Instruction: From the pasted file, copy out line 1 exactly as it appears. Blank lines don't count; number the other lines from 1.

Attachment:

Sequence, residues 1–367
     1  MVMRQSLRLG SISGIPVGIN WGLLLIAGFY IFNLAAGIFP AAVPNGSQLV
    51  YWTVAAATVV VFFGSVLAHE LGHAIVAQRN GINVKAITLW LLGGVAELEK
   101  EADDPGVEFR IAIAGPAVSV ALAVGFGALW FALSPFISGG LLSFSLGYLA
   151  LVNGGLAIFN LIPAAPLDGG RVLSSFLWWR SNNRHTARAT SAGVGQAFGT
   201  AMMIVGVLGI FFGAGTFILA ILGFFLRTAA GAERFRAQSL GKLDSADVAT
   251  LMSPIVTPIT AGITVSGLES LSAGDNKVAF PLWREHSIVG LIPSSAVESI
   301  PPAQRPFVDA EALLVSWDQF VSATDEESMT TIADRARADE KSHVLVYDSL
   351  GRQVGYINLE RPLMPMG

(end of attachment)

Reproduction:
Sequence, residues 1–367